A year after the Nashville Area Chamber of Commerce named Ralph Schulz its new president, the economic development organization will announce changes to its image and mission statement at a membership meeting Oct. 9 where it says a “new” Chamber will be unveiled.
Schulz said the changes will reflect several organizational and program adjustments the Chamber has undergone since he took the helm in October 2006.
The reworkings include paring down the Chamber’s Board of Directors by half — a cut the Board approved last June in an effort to focus the Chamber’s leadership — opening up the Chamber’s policy committees to non-board members, and an intention by the Chamber to involve itself in more civic matters.
Schulz said he made boosting the Chamber’s membership — which has steadied after a heavy decline — a priority as soon as he took his post, visiting local businesses and asking, “What would cause you to join the Chamber, what would cause you to remain in the Chamber and what would cause you to recommend the Chamber as a place for others to join?”
He said the changes he will outline at next month’s meeting are the results of this effort.
“We’re refining our target a little bit there to make sure that we’re giving everybody a good opportunity to have that opportunity to promote their business at Chamber events… and through Chamber publications and through sponsorship programs that associate relevant businesses with things that are going on at the Chamber,” Schulz said.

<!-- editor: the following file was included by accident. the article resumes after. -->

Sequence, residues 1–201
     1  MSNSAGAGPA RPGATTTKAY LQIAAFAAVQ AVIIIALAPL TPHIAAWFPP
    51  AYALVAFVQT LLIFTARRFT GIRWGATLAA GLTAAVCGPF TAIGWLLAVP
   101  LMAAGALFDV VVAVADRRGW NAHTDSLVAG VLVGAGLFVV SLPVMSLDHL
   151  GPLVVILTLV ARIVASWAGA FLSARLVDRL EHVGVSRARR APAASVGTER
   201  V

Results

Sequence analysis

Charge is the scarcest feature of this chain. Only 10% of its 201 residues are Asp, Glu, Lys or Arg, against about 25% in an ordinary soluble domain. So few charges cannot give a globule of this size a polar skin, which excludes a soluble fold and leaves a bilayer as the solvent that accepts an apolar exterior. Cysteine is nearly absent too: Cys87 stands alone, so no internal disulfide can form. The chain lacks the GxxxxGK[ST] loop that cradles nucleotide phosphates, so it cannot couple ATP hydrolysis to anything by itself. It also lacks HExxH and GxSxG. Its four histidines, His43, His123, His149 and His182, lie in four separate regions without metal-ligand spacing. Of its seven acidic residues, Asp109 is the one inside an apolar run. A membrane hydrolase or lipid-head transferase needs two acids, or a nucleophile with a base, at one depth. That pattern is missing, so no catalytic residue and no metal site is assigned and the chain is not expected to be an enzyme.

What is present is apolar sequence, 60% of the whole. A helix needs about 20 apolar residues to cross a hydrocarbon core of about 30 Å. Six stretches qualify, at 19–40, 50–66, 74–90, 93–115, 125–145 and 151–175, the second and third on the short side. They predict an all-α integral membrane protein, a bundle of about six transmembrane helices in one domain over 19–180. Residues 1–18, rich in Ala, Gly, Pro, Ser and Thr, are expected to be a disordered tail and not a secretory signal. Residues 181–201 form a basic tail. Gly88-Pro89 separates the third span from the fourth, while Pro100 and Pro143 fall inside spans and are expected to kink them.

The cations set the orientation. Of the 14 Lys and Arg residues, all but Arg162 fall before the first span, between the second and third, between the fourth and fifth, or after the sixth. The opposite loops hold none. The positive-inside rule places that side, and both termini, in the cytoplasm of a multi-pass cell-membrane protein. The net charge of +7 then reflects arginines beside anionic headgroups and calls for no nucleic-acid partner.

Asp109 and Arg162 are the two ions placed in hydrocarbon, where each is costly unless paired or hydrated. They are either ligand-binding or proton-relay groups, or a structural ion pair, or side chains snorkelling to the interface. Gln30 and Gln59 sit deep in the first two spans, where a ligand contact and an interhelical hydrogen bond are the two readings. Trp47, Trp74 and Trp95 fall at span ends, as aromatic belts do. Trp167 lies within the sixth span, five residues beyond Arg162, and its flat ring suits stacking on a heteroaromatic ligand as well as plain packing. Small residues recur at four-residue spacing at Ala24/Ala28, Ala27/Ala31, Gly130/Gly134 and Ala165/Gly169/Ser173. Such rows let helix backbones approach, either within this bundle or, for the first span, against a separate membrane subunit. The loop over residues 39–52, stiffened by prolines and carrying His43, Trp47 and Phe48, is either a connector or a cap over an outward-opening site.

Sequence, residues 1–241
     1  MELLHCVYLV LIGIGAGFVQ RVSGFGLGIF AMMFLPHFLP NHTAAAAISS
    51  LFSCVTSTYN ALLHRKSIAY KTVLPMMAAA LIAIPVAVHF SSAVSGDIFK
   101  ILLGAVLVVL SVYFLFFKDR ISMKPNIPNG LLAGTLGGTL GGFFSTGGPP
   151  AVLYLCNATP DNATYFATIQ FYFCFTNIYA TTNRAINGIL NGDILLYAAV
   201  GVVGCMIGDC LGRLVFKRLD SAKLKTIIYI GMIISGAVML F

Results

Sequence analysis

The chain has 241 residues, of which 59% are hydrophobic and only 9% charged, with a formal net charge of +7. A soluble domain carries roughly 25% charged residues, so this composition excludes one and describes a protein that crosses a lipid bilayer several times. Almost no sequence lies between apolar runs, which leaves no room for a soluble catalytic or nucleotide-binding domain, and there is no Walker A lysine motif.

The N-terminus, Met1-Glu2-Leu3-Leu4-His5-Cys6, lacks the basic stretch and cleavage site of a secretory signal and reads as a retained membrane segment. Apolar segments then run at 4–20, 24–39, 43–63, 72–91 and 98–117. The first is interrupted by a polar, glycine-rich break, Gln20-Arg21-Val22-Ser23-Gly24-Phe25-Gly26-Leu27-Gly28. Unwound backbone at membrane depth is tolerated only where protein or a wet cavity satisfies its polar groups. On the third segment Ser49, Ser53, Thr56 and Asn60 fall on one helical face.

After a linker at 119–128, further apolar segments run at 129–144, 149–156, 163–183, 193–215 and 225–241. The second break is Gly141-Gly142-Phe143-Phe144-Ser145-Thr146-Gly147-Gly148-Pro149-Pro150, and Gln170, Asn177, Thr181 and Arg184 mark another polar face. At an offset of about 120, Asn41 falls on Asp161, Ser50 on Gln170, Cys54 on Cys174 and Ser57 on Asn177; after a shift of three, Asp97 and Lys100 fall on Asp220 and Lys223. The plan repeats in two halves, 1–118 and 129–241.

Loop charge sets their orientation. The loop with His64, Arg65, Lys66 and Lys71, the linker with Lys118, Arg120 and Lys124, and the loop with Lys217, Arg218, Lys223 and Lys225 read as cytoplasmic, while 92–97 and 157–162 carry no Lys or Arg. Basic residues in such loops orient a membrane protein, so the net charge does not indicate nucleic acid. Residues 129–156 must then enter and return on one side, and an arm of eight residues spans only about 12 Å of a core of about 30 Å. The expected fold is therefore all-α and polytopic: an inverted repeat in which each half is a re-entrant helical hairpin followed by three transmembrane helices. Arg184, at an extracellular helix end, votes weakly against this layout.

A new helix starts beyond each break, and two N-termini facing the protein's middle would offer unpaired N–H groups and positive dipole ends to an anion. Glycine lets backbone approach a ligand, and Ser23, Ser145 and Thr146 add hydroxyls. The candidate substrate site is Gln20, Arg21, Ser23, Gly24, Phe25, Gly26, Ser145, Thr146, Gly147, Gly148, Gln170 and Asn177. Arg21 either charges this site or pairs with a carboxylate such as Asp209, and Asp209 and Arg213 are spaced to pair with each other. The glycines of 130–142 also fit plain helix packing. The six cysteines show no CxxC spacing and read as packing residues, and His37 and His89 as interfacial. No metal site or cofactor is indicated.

From 2006 to 2007, only 87 percent of Chamber members renewed their membership. But the number is 6 percent higher than the renewal rate the prior year. The change has improved the Chamber’s revenue outlook along with several cost-cutting measures that have been implemented, Schulz said.
Schulz said the Chamber is also “trying to find a more activist, focused role” in civic matters — coming at them from a business perspective. He pointed to the organization’s involvement with the Metro school system’s recent crafting of a new strategic plan and to former Vice Mayor Howard Gentry’s recent appointment as CEO of the Nashville Chamber Public Benefit Foundation, an organization that, among other activities facilitates long-term public-private efforts to improve social ills such as crime, poverty and problems with the education system.
“The Chamber’s a big resource to the community, and we want to make sure, in a focused way, we’re a participant in the solutions,” Schulz said. “In some cases, we’ll be in a leadership role. In other cases, we’ll be more of a participant that sort of links the business community with the issues.”
Schulz said the recent changes to the Chamber’s Board and committee structure will play a part in the “new Chamber.”
In June, the Chamber Board cut its size in half, from 69 members to 34, and at the same time adopted a comprehensive set of new governance policies and procedures.
With the vote, the Board eliminated most of its policy committees, although it maintained three standing committees — the Executive, Governance and Audit/Finance committees. It also created a mechanism for chartering new committees — such as a proposed “Policy Advisory Committee,” a “Transportation Committee” and several reformulated area business councils.
Since Schulz took his CEO post, the Chamber has hired and replaced several executives, hiring Gentry, appointing former Purcell administrator Marc Hill its chief education officer, Debbie Dale Mason its chief community action officer, and hiring a new communications director, Perri DuGard Owens.